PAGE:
WIKIMEDIA, CHUCK KENNEDYPresident Barack Obama yesterday (April 2) officially announced plans for a large-scale, government-backed research project to map the human brain, starting with an initial $100 million in federal funds for the development of new technologies that will enable the investigation of how millions of individual brain cells interact, reported BBC News.
Known as Brain Research through Advancing Innovative Neurotechnologies (BRAIN), the initiative is designed to have the same transformative effect on brain research—and on our understanding of various brain diseases—as the Human Genome Project did for genetics research. It will begin next year, led by three government agencies: the National Institutes of Health (NIH), The Defense Advanced Research Projects Agency (Darpa) and the National Science Foundation (NSF). A working group at the NIH—headed by Cornelia Bargmann of The Rockefeller University and William Newsome of...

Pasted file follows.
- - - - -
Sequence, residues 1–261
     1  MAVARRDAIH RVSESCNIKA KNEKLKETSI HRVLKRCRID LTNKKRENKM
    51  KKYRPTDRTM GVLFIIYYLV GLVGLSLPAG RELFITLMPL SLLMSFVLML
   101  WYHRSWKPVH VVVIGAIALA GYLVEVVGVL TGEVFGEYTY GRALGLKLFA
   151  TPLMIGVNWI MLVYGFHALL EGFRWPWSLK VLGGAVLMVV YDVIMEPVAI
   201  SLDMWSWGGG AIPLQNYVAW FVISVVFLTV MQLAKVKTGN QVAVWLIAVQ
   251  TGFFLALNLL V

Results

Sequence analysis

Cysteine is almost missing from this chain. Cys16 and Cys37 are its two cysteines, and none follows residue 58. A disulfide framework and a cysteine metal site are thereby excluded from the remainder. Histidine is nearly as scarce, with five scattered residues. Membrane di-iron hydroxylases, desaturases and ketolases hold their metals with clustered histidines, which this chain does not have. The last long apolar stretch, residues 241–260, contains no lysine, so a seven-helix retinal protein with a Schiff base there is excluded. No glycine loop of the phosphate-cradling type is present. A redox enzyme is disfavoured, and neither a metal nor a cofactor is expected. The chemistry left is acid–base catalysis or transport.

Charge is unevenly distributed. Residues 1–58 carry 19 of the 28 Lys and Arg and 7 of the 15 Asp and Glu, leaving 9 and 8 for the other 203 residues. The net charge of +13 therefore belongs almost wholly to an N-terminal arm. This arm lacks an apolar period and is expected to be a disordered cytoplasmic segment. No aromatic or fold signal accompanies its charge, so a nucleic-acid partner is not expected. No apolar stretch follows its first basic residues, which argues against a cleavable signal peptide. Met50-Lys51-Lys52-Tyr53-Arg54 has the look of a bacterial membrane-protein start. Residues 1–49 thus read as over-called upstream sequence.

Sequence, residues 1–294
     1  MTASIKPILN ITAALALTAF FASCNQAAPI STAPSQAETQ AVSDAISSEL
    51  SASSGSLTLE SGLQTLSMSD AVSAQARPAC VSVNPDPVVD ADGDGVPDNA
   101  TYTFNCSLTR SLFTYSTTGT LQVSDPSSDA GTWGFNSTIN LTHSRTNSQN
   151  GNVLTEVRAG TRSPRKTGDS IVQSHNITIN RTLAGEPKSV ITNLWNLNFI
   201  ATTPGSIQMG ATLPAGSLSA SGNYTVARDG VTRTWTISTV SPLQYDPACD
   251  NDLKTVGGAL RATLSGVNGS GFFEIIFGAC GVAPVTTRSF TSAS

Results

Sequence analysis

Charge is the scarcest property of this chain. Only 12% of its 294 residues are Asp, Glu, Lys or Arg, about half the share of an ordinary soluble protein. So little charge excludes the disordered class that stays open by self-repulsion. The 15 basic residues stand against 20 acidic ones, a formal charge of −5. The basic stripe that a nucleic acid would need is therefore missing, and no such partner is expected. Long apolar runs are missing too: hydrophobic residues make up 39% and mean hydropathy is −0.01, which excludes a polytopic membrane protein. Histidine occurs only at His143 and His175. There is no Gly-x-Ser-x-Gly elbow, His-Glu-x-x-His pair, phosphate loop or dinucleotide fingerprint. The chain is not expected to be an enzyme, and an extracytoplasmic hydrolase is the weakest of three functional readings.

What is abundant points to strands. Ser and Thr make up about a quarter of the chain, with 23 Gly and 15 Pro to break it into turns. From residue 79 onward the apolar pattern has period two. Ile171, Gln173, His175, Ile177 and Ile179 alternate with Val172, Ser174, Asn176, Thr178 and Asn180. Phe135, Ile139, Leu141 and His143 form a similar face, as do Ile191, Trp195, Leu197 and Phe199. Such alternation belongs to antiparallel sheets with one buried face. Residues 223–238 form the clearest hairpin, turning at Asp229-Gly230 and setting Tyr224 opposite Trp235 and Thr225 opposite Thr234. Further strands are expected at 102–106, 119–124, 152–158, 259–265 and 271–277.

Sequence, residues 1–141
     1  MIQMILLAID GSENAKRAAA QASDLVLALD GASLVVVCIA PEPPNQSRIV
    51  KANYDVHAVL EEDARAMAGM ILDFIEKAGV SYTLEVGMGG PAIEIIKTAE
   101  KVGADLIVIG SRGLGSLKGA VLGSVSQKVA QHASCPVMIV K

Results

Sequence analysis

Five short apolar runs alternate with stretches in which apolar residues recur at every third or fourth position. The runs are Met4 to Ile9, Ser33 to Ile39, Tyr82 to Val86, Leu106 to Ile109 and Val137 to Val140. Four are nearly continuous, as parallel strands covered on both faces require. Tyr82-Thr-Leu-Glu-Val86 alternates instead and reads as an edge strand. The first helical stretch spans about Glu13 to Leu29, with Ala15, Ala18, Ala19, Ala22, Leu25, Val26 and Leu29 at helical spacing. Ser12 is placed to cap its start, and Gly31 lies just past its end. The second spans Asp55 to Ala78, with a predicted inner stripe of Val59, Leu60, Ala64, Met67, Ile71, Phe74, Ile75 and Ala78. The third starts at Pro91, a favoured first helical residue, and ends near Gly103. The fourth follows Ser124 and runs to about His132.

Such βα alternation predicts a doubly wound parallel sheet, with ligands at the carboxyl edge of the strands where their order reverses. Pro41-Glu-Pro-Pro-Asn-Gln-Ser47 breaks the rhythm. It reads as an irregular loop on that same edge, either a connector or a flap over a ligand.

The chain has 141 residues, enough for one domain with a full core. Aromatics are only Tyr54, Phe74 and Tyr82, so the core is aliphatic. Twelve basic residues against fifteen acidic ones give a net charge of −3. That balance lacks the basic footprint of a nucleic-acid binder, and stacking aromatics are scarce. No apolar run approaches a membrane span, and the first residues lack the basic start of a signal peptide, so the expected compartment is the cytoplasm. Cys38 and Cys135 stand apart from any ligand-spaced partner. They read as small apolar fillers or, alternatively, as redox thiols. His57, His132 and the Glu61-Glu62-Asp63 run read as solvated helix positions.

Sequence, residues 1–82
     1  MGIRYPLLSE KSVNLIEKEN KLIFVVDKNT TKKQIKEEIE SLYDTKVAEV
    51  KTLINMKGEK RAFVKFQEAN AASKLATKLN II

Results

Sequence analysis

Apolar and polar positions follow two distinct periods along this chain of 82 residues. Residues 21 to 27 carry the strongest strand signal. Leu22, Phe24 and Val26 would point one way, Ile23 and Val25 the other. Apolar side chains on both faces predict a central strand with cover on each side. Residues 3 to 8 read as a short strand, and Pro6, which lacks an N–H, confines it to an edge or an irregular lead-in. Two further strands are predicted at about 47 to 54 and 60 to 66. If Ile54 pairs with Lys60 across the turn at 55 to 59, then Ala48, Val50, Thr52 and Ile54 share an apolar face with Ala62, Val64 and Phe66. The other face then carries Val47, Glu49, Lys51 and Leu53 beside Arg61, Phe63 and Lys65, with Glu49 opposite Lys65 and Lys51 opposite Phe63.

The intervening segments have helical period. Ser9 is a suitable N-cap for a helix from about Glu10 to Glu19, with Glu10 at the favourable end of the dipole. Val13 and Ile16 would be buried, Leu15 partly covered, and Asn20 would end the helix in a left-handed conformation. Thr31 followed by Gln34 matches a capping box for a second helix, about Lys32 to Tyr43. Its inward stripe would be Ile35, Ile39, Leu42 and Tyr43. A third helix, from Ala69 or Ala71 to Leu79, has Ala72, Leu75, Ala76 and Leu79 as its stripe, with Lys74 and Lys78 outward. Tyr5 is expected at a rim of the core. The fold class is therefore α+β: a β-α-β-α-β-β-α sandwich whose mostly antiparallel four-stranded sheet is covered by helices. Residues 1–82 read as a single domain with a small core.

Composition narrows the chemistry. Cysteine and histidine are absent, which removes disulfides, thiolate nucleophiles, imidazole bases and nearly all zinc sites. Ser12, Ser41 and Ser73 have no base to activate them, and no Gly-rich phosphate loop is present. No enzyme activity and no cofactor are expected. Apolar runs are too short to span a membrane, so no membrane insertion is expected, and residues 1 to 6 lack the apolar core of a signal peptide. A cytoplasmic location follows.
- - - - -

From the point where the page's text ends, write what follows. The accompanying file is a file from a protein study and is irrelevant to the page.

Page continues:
Private institutions, including the Allen Institute for Brain Science, the Howard Hughes Medical Institute, the Kavli Foundation, and the Salk Institute for Biology, will also contribute.
Supporters of the project argue that it will spur greater private investment in science and technology, and potentially provide a significant boost for the US economy. “It makes sense to have a brain activity map now because the maturation of an array of nanotechnologies can be brought to bear on the problem,” Michael Roukes, a physicist at the California Institute of Technology, told the NYT.
But some scientists are critical of the plans. David Stein, a neuroscientist at Emory University in Atlanta, told the NYT that developing the technologies first is the wrong approach. “I think the monies could be better spent by first figuring out what needs to be measured and then figuring out the most appropriate means to measure them,” he said. “In my mind, the technology ought to follow the concepts rather than the other way around.”
See an infographic from the White House about the project.